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  • Labour Party leader Jeremy Corbyn acknowledges audience applause after delivering the keynote speech at Labour Party Conference in Liverpool, Britain.

    Labour Party leader Jeremy Corbyn acknowledges audience applause after delivering the keynote speech at Labour Party Conference in Liverpool, Britain. | Photo: Reuters

Published 26 September 2018

"In order to help make the two-state settlement a reality, we will recognize a Palestinian state as soon as we take office," Corbyn said.

Labour leader Jeremy Corbyn received a long standing ovation Wednesday after pledging to officially recognize a Palestinian state once he takes office as prime minister.

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"In order to help make the two-state settlement a reality we will recognize a Palestinian state as soon as we take office," Corbyn said.

Labour party supporters waved Palestinian flags as the announcement was well received by the audience at the Labour Party conference in Liverpool.

Corbyn's announcement, however, wouldn't come as a shock to many close followers of Labour party policy. In June, during a visit to Jordan, Corbyn said: "I think there has to be a recognition of the rights of the Palestinian people to their own state which we as a Labour Party said we would recognize in government as a full state as part of the United Nations."

Today’s comments make Labour's party priorities clear to many, which would be enacted shortly after Corbyn takes office if elected.

Corbyn comments come after delegates of the Labour Party voted Tuesday to ban arms sales to Israel over its abuses against the Palestinians. A policy, which could also be translated into official government policy if the party is elected.

The unprecedented resolution noted that “the majority of Palestinian people were forcibly displaced from their homes” during the Nakba and condemned the “aggressive attempt to rewrite history and erase the victims of the 1948 war.”

It called for an “independent international investigation into Israel’s use of force against Palestinian demonstrators,” an “immediate and unconditional end to the illegal blockade and closure of Gaza,” and “a freeze of the U.K. government arms sales to Israel.”

The motion also highlighted that among those killed during the Palestinian protests of recent months are paramedics, journalists, women and children, while more than half of the injured were hit with live fire by snipers as they approached the border with Israel.

Palestine Solidarity Campaign (PSC) Chair Hugh Lanning said: “We have witnessed extraordinary scenes of solidarity today and the Labour Party has done the right thing by recognizing the longstanding injustice of Israel’s violation of Palestinian rights.

PSC handed out more than a thousand Palestinian flags at the conference. In remarkable scenes, many hundreds of delegates stood and waved their flags inside the conference hall when the motion was debated and chants of “Free Palestine!” were clearly heard.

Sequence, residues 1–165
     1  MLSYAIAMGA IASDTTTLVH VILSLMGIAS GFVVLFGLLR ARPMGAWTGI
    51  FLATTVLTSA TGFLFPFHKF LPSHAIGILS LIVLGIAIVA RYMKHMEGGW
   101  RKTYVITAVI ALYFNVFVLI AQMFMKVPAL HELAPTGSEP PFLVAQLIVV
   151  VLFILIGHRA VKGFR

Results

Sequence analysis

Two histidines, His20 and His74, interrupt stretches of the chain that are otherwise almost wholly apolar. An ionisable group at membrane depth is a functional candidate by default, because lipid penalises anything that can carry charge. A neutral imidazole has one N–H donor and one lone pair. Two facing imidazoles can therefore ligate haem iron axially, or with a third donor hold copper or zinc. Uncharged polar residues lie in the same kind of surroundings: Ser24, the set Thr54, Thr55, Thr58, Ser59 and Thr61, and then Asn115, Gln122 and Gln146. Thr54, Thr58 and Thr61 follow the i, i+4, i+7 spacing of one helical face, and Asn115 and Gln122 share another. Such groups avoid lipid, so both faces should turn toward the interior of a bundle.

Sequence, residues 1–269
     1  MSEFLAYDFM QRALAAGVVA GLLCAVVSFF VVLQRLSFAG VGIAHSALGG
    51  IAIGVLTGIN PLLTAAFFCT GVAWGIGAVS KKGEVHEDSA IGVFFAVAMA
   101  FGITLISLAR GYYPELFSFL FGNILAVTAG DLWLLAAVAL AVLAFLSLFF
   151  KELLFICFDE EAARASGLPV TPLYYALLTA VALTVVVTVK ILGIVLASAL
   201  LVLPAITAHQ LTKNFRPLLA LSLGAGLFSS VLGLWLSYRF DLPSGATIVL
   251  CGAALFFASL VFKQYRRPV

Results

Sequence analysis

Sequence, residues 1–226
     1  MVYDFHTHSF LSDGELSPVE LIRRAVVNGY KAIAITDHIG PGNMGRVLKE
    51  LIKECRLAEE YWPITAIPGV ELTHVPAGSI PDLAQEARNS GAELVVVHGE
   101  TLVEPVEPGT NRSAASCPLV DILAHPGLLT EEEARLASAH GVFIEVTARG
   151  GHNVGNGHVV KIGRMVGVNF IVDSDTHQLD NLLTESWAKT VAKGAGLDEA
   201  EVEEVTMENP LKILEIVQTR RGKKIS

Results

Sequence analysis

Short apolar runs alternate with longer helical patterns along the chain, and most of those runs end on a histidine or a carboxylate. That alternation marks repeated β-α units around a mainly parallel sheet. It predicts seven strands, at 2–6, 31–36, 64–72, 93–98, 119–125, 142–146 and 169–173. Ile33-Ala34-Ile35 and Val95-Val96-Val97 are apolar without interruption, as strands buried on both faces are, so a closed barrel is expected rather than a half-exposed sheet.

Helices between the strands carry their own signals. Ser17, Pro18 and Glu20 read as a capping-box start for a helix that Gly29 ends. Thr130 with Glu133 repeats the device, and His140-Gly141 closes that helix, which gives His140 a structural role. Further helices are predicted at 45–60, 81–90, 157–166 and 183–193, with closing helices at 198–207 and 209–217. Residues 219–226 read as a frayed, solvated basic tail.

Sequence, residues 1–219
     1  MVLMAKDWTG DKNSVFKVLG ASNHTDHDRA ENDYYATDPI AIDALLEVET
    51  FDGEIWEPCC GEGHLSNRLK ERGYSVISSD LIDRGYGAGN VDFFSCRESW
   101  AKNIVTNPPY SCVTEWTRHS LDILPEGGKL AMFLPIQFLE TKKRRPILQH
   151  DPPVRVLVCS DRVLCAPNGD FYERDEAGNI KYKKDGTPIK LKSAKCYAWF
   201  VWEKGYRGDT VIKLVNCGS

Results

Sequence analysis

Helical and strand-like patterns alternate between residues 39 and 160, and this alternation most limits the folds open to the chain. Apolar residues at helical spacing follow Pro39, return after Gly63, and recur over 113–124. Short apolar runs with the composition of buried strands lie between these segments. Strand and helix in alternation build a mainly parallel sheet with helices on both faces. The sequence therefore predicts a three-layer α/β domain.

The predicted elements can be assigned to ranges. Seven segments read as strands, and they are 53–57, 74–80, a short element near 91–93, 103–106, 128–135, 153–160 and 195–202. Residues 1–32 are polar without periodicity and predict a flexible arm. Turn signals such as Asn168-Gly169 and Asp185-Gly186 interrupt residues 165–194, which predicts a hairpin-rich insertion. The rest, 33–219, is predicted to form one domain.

PSC director Ben Jamal said: “This incredible show of support and this historic motion demonstrate the strength of feeling at the grassroots of the party. Labour members want to show real solidarity with Palestinians

The issue was in the top four of all issues discussed Tuesday in Liverpool. The vote to debate Palestine was fourth after housing, school systems, and justice for the Windrush generation. It gained more votes than the issues of Brexit, and the National Health System (NHS).

During the debate on Palestine, the party deliberated on U.K. arms sales to Israel, voting to end them until an independent investigation into the killing of more than 180 protesters in Gaza since Mar. 30 can be carried out.

Though conference votes are not binding on leaders, Jeremy Corbyn, a supporter of the Palestinian cause, has promised to recognize Palestine as a state if his party comes to power. 

The anti-Semitism charges against Corbyn were rejected by him, his supporters, and Palestinians citing Israel's attempt to shut down any criticism of its policies and abuse against Palestinians and its occupation of their land. 

But not all Palestinians are overjoyed with the new policies. Some are critical of the U.K.’s stand on the Oslo agreement which supports the creation of two states. U.K.-based Palestinian author and academic, Ghada Karmi said during a Palestine Solidarity meeting that Labour cannot go on supporting a “defunct idea”. She also asked the party to stop being apologetic about Israel’s atrocities and to confront Israel and call out its actions against Palestinians.

According to Hazem Jamjoum, a Palestinian-American academic, the British empire helped create the state of Israel; hence, it has a greater responsibility to support Palestine. He also warned that Israel’s impunity regarding apartheid, racist laws and ethnonationalism is creating precedents all over the globe, which is witnessing an increasing identity-based nationalism in many countries.


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